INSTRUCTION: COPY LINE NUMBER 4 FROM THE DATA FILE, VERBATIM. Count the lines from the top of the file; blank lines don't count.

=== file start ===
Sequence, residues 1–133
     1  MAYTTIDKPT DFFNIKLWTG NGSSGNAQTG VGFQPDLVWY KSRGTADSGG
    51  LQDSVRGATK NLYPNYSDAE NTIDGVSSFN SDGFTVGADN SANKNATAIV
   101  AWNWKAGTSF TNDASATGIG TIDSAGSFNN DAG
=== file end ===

   101  AWNWKAGTSF TNDASATGIG TIDSAGSFNN DAG